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Flow meters: to calibrate or not?

Depending on the configuration of your process and how important that specific measure is for your performance, some flow meters should be calibrated whereas others can be left uncalibrated.

Usually, flow meters part of a secondary loop system are redundant as any drift in the measure will be corrected by the action of a primary loop or an operator that makes set point adjustments based on some other process input. This is true for most flow meters in circuits that act as an intermediate loop for a given process. These loops are generally measured by some other equipment and they are unlikely to require absolute flow measurement accuracy. It is usually enough for flow meters to offer stable, consistent performance in the short term for this type of configuration.

Flow meters that are likely to require routine calibration include those impacting product and feedstock quality and quantity, energy/fuel quantity and critical process operating points.

Why using Guardbanding Technique?

The primary motivation for guardbanding is to control the risk of accepting an out-of-tolerance unit or rejecting an in-tolerance unit.

The ISO 17025 standard requires that measurement uncertainty be taken into account when statements of compliance are made. In other words, when a calibration laboratory calibrates an instrument and produces a calibration certificate indicating that the instrument “passed” or “failed”, it is important that, for each test point, the measurement uncertainty be first calculated and then used in the determination of the test result.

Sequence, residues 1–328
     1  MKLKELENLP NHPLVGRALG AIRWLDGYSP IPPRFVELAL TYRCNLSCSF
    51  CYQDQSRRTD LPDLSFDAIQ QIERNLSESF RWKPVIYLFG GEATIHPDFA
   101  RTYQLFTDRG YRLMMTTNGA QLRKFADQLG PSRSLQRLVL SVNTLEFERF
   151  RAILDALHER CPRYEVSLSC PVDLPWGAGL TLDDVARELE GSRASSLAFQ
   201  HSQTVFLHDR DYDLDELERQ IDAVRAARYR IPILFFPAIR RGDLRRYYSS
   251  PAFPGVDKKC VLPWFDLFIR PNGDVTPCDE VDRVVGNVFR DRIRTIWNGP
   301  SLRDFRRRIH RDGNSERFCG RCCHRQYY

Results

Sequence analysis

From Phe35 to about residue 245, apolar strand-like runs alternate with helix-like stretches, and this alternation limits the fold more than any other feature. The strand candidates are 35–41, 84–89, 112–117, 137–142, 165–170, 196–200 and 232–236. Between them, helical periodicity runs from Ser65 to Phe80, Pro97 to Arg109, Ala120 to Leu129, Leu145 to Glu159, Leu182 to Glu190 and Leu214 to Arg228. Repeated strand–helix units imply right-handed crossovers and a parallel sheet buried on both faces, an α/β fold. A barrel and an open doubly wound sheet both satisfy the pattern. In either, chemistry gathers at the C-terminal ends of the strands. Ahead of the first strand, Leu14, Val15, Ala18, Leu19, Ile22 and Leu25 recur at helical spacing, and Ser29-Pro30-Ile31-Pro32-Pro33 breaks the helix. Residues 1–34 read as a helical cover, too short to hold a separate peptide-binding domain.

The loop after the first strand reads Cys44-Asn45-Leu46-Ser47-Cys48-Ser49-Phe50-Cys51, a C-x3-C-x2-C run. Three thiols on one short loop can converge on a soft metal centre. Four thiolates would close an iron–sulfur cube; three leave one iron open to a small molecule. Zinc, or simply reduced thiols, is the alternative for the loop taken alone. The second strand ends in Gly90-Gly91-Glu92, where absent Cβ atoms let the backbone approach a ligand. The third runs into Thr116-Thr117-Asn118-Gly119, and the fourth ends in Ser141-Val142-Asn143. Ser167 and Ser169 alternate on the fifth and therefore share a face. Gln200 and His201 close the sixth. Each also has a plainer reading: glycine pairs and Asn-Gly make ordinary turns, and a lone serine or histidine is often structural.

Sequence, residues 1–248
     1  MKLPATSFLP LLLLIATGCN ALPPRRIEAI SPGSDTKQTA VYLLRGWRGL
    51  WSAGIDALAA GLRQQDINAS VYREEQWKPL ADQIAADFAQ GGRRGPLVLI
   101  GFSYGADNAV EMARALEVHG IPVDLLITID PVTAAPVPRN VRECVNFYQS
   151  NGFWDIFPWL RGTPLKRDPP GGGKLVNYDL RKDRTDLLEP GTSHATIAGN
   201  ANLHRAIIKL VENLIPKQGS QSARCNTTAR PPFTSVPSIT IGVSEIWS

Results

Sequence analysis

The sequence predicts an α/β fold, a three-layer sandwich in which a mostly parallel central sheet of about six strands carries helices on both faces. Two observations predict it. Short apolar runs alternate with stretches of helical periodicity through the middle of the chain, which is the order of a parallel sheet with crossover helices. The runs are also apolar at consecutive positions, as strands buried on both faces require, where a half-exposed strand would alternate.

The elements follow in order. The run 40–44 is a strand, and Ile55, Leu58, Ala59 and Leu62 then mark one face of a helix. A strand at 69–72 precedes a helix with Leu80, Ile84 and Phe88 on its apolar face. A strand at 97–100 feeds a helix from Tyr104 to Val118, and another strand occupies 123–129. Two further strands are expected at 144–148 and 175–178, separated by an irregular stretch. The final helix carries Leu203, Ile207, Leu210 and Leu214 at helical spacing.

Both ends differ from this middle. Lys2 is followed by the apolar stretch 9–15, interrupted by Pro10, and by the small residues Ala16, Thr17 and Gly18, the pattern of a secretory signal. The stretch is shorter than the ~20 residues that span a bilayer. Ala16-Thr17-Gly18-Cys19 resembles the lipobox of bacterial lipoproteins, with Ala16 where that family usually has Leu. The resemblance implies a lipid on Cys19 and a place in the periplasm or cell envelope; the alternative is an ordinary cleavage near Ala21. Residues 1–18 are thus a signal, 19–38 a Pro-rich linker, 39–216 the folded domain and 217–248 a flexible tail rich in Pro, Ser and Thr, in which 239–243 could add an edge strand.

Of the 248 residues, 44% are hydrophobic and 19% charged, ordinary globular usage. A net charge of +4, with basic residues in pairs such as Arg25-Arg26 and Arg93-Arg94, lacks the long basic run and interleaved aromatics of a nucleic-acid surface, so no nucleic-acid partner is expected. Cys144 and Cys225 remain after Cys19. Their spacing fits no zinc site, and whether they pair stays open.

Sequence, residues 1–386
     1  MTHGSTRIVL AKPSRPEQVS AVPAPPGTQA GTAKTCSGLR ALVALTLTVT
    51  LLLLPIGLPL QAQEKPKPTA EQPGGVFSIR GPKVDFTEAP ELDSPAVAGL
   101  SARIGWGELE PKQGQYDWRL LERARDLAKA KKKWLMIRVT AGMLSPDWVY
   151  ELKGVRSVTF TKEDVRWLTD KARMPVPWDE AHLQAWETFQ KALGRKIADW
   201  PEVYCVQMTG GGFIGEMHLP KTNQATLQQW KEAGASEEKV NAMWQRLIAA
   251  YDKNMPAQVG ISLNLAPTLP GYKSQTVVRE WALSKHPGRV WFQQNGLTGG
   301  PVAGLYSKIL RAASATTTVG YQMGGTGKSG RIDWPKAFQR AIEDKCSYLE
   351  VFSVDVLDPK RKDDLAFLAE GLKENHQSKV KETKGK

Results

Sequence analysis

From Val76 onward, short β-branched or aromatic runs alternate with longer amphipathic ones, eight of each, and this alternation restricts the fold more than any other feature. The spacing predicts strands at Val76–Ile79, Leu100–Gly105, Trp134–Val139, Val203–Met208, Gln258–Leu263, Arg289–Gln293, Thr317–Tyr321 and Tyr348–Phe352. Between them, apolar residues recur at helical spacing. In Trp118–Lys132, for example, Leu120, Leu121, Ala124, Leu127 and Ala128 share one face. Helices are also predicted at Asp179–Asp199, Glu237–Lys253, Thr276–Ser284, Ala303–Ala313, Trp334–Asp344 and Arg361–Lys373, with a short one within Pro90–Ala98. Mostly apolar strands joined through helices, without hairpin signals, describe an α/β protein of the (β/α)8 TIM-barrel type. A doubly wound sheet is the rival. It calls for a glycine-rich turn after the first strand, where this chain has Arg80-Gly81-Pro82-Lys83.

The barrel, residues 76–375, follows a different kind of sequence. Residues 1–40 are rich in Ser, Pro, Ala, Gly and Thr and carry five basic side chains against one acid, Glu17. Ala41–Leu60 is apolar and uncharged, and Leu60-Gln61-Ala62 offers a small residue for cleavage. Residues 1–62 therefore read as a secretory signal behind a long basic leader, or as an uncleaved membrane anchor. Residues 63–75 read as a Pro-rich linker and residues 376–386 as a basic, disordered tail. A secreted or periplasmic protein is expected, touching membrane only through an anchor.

The ISO / IEC 17025 standard requires that the guardbanding technique be applied for each test point when the test uncertainty ratio (TUR) is less than 4: 1. The technique of guardbanding can lead to a situation where it is not possible to determine, within the confidence interval, the statement of compliance or non-compliance for the device under test. In this case, the declaration of conformity is “undetermined.”


Declaration of conformity for TUR* lower than 4: 1

Where:
• Ustd :
 Uncertainty of the standard (% of reading)
• Uinstrument : Uncertainty of the measurement system (% of reading)
• Resolution equipment under test : Resolution of the equipment under test (% of reading)

Zone of compliance calculated according to a new tolerance

(*) Le TUR se définit comme suit :

Where:
• TUR : Test Uncertainty Ratio
• Tolerance : Tolerance of the equipment under test
• Ustd : Uncertainty of the standard
• Uinstrument : Uncertainty of the measurement system
• Uresolution : Resolution of the equipment under test


References :

ILAC G8 : Guidelines on Assessment and Reporting of Compliance with Specification
CLAS Requirements Document 3 (November 2009): Minimum Requirements for Measurement Standards for Laboratory Certification

Why ISO/IEC 17025 is essential?

ISO/IEC 17025 is an international standard for evaluating the competence of calibration laboratories. It includes portions of the ISO 9001 standards relating to organization and management plus it encompasses the entire calibration system to produce metrics for the:

  • Calibration rig components,
  • Administrative systems for process operations,
  • Personnel proficiency,
  • Documentation supporting the traceability
  • Total measurement uncertainty for the entire calibration facility

By it’s stringent procedures, ISO/IEC 17025 ensures that the entire calibration process is traceable to the International System of Units (SI), personnel are technically competent and methods and practices in place produce precise and valid results.